‘The Stratford Upon Avon & Midland Junction Railway’ (or S.M.J.) was a small independent railway company which ran a line across the empty, untouched centre of England. It visited the counties of Northamptonshire, Warwickshire, Oxfordshire and a little of Buckinghamshire, only existing as the SMJ from 1909 to 1923. In 1923 the S.M.J.became a minor arm of the London Midland and Scottish (L.M.S.), then in 1948 'British Railways' 

Gone but not forgotten: "the damsel is not dead, but sleepeth"


SMJ Forum

2F WDs working to Bristol

In the 1950s/60s we had a regular working of a 2F Woodford Halse WD to Bristol. I was always intrigued by how they got there. Does anybody know if that was via the SMJR please?Continue

Started by Bob Bishop Oct 15.

Talk to Welford Local History Society

I live in Welford on Avon which now incorporates the former Binton Station with its recent housing development.The local history society is currently planning its 2022/23 programme of events and talks and would be keen to include a talk on the…Continue

Started by John Read Oct 8.

Broom Junction station site for sale 2 Replies

Great opportunity for an SMJ enthusiast perhaps.  I'm not sure what you could actually do with this site though!…Continue

Started by Simon Stevens. Last reply by Simon Stevens Oct 4.

Salvaged track bolts 2 Replies

Does any know if the bridges were numbered? Similar to how the canals number thier's. Because a few weeks ago I was magnet fishing under the if I bridge behind the bellebaulk housing estate in Towcester and pulled out a number of chair bolts and I…Continue

Started by John Godwin. Last reply by Russ Firth Oct 3.

SMJ photos

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Adrian's recent photo of the SMJ platforms at Blisworth has started me thinking about the precise nature of the station arrangements there. I know that in the 1950's (when I were a lad ! ) the station building on the roadside opposite the Blisworth Hotel was THE booking office - obviously the SMJ passenger service was no more by then, but it would seem that the booking office etc was a joint venture. There must have been facilities for the LNW before the SMJ came along in the 1860's - presumably in the existing LNW buildings which at that time must have had direct road access. (I've read somewhere that the LNW made up the road, previously just a lane, up from the main drag - later A43 where their first Blisworth station was located) Then along came the NBJR - and presumably constructed the station building that we all know opposite the hotel. There is my question really - was that building a joint venture from the start, connecting to the LNW platforms by the subway under the sidings and main line - or was it an NBJR station only ? Another possibility also suggests itself - did the NBJR have some small facilities of their own in the lower bit nearest their platforms, and the LNW have what we later considered the main booking office ? I have a very vague recollection of an interior view of the SMJ end of the building showing what might have been a small ticket window - must try and find it as it might be a clue.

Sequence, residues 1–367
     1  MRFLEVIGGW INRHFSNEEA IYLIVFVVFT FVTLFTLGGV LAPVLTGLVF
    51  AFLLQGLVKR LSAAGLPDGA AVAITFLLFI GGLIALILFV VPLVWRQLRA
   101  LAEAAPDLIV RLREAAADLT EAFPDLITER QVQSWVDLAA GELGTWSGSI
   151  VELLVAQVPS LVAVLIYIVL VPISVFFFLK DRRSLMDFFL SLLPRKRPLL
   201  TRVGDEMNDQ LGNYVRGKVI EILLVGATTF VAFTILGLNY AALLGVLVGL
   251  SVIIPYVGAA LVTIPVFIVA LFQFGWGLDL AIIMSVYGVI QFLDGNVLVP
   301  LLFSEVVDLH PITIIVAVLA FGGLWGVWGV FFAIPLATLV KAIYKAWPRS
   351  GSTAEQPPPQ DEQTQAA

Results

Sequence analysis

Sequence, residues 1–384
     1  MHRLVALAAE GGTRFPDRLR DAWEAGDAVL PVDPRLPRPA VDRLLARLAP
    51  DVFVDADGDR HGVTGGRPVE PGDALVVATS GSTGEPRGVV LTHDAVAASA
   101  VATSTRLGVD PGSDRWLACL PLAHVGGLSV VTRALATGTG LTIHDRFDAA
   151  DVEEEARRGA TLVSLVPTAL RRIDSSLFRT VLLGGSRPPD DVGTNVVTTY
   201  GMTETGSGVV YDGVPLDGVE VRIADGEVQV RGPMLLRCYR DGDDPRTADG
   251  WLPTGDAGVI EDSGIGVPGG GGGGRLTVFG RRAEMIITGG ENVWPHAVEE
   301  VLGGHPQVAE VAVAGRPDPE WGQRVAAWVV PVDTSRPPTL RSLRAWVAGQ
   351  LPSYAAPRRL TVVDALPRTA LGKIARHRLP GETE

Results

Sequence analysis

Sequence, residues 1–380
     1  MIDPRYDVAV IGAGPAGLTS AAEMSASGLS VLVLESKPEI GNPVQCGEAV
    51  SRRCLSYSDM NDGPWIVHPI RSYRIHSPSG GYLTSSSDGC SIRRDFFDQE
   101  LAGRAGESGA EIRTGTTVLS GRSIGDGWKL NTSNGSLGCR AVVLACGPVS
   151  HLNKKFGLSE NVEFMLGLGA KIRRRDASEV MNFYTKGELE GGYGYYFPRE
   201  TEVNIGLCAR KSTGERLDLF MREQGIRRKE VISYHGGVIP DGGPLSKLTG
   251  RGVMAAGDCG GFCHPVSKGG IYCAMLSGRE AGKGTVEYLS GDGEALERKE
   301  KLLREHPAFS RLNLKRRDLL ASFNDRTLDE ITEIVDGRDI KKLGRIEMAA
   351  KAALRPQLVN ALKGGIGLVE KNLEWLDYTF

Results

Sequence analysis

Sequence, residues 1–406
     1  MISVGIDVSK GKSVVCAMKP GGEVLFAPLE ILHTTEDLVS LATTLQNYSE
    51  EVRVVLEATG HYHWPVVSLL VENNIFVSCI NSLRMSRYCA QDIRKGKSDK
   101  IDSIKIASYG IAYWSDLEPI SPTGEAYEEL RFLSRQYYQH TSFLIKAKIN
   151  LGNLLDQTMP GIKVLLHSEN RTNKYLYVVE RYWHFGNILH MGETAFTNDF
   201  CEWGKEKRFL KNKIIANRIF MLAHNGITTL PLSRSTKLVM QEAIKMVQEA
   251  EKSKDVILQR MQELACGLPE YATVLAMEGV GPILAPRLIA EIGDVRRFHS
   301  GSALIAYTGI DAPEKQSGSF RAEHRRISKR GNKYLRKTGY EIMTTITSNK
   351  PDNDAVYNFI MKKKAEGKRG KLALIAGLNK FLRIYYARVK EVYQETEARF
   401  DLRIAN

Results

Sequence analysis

Anyone have any info or further thoughts?

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Simon, Barry.

There were several Dunkley families in Towcester in the '60s, there probably still are. In fact it was a frequently occurring surname in South Northants generally. One Mr Dunkley owned a cycle shop in Towcester back then, another was a signalman in the Woodford area.

Dick Bodily

Not just South Northamptonshire, Dick, but the whole county. I went through school in Northampton meeting a series of teachers relieved that I was not a relative of Dunkleys they had previously encountered... (My younger brother did not get to share in this experience!) My Dunkley lineage comes via Dallington, once a picturesque village!

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